One of the curious students having read about People Power (click on the link to read about it) before attending the session, asked us to speak about the experiment. So we obliged and told them about how human behaviour is contagious. Like right there in the auditorium once the first student raised his hand to ask a question, seeing him one by one the others followed. Soon we were asked if we had solutions for littering, spitting, eve teasing, not talking on the mobile while driving and so on. May be one day we may.

Meanwhile we told them that we had a solution for another behaviour change. We spontaneously made an offer to VJTI students and makers that we’d be happy to hire a person who could help us create a product on a project that could potentially change an aspect of our behaviour. If you are an electronic engineer, maker and are interested to change human behaviour, email us with your work at anand@brief-case.co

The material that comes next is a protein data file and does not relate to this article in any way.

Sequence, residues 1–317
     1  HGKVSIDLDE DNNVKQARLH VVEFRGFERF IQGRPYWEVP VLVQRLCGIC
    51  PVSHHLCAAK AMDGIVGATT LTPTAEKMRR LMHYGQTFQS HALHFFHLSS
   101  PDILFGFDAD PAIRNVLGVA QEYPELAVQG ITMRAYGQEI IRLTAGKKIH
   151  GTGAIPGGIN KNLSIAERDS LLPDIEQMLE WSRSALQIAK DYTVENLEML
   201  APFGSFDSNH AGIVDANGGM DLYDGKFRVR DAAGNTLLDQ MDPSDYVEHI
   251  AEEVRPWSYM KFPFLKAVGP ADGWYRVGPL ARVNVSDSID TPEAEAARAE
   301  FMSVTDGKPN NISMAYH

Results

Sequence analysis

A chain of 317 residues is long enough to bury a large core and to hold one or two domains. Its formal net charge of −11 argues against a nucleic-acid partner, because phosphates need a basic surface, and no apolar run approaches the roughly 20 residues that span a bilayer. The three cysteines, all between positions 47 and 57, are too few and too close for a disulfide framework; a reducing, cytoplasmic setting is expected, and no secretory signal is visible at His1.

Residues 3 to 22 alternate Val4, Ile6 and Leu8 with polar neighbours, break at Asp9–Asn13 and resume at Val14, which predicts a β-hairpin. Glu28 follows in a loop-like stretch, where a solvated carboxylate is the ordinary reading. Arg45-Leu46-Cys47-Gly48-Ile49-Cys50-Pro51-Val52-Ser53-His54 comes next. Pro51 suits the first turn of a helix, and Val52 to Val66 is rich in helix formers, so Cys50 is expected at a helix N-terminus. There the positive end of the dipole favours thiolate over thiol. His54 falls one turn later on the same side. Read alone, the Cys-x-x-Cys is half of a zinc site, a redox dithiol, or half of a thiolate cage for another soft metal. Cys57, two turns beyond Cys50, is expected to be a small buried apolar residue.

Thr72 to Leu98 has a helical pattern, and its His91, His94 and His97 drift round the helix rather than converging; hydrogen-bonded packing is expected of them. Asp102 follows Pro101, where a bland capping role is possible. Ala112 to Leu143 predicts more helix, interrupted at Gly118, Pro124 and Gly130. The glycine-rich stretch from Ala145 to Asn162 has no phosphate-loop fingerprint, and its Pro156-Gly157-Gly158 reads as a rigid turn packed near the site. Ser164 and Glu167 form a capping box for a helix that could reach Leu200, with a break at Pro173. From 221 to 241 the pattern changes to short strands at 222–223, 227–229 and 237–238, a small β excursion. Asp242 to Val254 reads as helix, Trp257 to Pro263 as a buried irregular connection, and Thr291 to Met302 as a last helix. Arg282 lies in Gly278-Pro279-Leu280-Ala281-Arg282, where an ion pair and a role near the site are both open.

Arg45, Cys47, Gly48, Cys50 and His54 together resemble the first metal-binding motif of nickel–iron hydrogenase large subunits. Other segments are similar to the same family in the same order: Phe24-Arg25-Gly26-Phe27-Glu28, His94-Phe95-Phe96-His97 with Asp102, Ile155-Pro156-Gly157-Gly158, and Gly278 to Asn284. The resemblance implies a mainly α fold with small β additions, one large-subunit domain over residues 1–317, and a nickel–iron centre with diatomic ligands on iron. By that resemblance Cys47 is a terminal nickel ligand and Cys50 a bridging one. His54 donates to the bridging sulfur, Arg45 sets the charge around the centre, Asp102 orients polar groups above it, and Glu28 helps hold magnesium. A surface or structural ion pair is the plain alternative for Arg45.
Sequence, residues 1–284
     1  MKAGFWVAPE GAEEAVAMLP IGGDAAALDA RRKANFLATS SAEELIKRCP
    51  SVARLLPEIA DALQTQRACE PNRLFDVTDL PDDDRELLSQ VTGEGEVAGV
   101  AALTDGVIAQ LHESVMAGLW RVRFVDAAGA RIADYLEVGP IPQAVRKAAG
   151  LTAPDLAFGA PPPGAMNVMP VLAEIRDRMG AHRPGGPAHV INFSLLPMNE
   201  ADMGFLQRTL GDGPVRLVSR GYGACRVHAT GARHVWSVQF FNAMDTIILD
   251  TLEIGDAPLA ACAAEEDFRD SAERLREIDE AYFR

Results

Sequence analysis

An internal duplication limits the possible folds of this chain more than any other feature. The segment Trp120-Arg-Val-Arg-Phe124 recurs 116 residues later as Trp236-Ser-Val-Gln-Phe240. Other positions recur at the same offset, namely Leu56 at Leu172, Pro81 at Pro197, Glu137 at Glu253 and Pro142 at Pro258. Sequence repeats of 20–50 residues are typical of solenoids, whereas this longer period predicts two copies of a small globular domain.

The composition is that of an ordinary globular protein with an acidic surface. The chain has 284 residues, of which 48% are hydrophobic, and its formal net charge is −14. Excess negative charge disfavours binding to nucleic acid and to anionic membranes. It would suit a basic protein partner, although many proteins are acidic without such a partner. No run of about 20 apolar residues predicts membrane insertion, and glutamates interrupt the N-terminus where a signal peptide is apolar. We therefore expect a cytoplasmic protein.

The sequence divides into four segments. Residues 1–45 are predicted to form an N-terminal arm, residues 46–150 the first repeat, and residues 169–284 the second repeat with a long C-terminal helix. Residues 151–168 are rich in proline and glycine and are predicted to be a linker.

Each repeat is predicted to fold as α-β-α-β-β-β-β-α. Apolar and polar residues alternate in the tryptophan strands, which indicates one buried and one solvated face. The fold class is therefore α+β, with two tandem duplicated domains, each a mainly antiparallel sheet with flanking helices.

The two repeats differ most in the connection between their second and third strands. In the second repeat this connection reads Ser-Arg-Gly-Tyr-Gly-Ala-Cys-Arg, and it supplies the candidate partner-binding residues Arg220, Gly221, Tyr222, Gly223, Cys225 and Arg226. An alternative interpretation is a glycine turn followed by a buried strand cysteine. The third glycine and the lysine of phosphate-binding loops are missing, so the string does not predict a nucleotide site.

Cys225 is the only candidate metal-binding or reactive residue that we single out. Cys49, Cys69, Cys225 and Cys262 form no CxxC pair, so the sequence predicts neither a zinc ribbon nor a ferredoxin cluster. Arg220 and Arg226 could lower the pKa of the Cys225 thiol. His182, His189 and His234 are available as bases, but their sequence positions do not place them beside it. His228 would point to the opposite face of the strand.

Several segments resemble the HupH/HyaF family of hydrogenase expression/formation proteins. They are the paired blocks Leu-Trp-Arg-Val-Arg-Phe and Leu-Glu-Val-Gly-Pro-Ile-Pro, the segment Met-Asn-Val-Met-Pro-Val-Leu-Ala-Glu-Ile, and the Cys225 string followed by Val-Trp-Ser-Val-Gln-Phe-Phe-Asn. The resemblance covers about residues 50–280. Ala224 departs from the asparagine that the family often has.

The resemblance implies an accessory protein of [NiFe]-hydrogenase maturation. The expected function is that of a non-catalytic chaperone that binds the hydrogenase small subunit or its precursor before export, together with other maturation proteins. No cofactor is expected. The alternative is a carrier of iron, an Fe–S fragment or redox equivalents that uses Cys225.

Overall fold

People Power – Our second behaviour change experiment

People Power - Our second behaviour change experiment

Power Crisis in India

India currently suffers from a major shortage of electricity generation capacity, though it is the world’s fourth largest energy consumer after United States, China and Russia*. A 2012 report by the IEA estimated that nearly 25 percent of the population lacks basic access to electricity, while electrified areas suffer from rolling electricity blackouts.

McKinsey reports that the residential consumption will grow at 14% over the next 10 years, requiring India to generate power five to ten fold compared to what was generated in the last 10 years, putting a huge strain on power generation in India.

While increasing power generation faces many issues, one way we can reduce the power gap is through conservation.

 

Ineffective education-based campaigns